Stage set for Numsa’s metal and engineering sector strike

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The stage is set for a strike by workers affiliated with the National Union of Metalworkers of South Africa (Numsa)  from Tuesday. The metalworkers union has vowed to strike in the metals and engineering sector until its wage demand of an 8% increase is met.

Employers are offering a 4.4 %wage increase.

Numsa will kick off its nationwide strike with marches in major centres across the country. The main march will be in Johannesburg where members of the union will head to the offices of the Metals & Engineering Industries Bargaining Council to hand over a memorandum of their demands.

Numsa has called on other unions and the public at large to support the strike. The National Union of Mineworkers (Num), which also has a presence in the metals and engineering sector, says it supports the Numsa strike.

“The National Union of Mineworkers supports the demand of workers in the metal and engineering sector. This is on the basis that workers in these sectors have suffered significantly in ensuring that they are keeping the companies afloat or the industry afloat. They have endured serious sacrifices, and therefore we say that the offer must be improved by the employer. The 4.4% is not sufficient taking into consideration the plight of the workers,” says Num’s Metal Sector Coordinator Mawonga Madolo.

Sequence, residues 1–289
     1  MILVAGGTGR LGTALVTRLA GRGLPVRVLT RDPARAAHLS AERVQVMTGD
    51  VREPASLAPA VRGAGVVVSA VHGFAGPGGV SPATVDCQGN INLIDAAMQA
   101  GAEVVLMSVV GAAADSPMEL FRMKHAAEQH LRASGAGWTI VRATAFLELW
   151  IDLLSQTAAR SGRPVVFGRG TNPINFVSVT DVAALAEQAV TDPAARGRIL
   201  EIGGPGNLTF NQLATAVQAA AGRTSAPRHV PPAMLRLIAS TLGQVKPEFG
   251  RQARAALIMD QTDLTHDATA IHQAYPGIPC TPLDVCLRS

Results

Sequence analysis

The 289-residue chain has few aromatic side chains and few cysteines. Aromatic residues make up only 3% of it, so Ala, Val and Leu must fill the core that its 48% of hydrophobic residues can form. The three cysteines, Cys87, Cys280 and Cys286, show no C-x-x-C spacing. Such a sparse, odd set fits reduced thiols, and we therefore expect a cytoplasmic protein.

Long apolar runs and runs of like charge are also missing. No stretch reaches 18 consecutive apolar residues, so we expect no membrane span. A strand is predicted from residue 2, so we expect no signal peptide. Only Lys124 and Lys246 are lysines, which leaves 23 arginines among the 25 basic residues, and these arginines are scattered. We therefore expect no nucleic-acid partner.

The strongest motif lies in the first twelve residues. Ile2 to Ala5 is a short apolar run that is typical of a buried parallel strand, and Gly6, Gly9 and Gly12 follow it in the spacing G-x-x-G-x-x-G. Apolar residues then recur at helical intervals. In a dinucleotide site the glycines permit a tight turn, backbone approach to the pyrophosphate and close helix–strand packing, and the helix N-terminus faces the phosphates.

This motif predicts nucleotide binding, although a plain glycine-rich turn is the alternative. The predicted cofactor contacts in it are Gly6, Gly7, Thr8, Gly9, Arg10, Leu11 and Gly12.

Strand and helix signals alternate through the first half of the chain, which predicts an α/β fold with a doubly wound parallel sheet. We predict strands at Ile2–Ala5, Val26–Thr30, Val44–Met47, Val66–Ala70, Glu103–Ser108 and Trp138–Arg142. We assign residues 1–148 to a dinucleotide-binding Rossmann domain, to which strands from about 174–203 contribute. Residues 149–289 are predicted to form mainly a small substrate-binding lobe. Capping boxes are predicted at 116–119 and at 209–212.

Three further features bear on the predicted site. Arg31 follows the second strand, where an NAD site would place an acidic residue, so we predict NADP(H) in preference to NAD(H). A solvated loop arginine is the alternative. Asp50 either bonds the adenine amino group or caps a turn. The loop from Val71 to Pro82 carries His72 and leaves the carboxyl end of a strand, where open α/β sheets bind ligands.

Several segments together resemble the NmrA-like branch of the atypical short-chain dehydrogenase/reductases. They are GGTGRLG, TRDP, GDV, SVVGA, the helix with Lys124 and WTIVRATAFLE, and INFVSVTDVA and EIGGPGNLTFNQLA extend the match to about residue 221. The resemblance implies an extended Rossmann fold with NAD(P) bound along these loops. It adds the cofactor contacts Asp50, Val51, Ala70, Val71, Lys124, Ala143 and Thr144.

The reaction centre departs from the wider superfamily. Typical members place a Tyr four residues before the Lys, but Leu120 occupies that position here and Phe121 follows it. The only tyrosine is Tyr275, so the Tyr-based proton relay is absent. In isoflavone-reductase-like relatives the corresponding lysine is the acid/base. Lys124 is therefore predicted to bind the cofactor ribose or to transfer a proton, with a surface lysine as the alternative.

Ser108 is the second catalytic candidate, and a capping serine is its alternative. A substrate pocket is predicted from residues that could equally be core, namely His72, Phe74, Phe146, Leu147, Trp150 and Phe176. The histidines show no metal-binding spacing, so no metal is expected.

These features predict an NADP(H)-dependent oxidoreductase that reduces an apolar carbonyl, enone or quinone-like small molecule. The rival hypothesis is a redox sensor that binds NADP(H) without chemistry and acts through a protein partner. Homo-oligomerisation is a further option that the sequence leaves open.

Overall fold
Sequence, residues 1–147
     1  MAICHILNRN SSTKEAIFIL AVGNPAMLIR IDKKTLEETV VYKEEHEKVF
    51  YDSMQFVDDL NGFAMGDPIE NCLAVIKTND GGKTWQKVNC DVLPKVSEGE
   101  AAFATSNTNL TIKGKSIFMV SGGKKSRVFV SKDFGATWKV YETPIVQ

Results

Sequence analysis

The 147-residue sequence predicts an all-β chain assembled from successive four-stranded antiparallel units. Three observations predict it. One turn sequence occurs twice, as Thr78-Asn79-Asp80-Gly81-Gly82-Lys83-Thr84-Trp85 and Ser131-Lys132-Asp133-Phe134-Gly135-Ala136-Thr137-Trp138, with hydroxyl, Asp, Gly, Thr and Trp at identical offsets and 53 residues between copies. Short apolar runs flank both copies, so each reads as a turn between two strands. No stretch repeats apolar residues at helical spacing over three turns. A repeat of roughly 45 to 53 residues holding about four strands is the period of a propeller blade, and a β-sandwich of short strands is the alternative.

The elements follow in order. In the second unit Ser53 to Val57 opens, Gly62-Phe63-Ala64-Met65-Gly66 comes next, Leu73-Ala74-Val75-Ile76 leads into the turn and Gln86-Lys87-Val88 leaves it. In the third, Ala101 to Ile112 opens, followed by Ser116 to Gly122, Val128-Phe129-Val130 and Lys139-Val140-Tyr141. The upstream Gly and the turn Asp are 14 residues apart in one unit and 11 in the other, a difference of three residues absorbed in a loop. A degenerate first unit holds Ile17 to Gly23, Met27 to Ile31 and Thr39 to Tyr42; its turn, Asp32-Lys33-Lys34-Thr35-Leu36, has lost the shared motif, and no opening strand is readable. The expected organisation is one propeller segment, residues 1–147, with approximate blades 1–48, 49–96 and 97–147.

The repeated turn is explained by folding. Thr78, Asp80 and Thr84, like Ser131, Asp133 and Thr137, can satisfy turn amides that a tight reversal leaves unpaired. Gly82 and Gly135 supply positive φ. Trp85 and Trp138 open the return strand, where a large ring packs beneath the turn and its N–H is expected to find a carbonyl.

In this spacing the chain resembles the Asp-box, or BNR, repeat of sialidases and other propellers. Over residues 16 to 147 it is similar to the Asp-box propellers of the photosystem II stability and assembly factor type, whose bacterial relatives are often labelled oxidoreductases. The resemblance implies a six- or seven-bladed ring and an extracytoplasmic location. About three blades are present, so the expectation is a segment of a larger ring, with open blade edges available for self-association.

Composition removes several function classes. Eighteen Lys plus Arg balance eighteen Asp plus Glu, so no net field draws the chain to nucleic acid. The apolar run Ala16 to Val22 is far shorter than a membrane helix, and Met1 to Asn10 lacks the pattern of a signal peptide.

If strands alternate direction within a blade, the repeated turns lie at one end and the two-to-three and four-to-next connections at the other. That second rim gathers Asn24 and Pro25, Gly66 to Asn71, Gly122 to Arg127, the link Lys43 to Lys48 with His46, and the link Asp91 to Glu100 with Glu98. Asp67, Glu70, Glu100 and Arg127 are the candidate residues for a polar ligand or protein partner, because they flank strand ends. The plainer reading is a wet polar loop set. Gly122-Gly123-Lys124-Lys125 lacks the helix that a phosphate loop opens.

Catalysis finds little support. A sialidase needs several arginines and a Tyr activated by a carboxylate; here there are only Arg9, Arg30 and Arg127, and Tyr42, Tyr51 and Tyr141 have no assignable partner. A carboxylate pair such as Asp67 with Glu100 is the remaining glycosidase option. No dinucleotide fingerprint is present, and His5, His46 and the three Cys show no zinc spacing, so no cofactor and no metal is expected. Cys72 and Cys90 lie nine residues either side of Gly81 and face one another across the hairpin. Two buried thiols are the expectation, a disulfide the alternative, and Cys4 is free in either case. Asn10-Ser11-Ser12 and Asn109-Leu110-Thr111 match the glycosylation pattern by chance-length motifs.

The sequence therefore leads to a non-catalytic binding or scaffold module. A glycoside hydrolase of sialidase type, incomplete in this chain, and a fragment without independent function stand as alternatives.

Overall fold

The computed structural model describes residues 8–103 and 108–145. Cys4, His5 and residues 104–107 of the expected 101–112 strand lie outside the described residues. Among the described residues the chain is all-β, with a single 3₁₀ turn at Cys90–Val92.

Numsa gearing up for national strike: 

Meanwhile, the Congress of South African Trade Unions (Cosatu) is also gearing up for a strike this week. The one-day strike will take place on Thursday and aims to put pressure on the government to reverse severe budget cuts on social spending, including at the Commission for Conciliation, Mediation, and Arbitration.

“ The Congress of South African Trade Unions (Cosatu) is planning a national strike on Thursday, 7 October 2021. Workers are urged to join the planned activities across the country or withdraw their labour by staying away from work on Thursday. This is a legally protected activity that is focused on pushing both government and the private sector to take seriously the issues that are affecting workers,” says Cosatu’s General Secretary Bheki Ntshalintshali.

The country’s other labour federations, Saftu, Fedusa and Nactu joined Cosatu’s socio-economic strike in October last year but they have not yet indicated if they will take part this time around.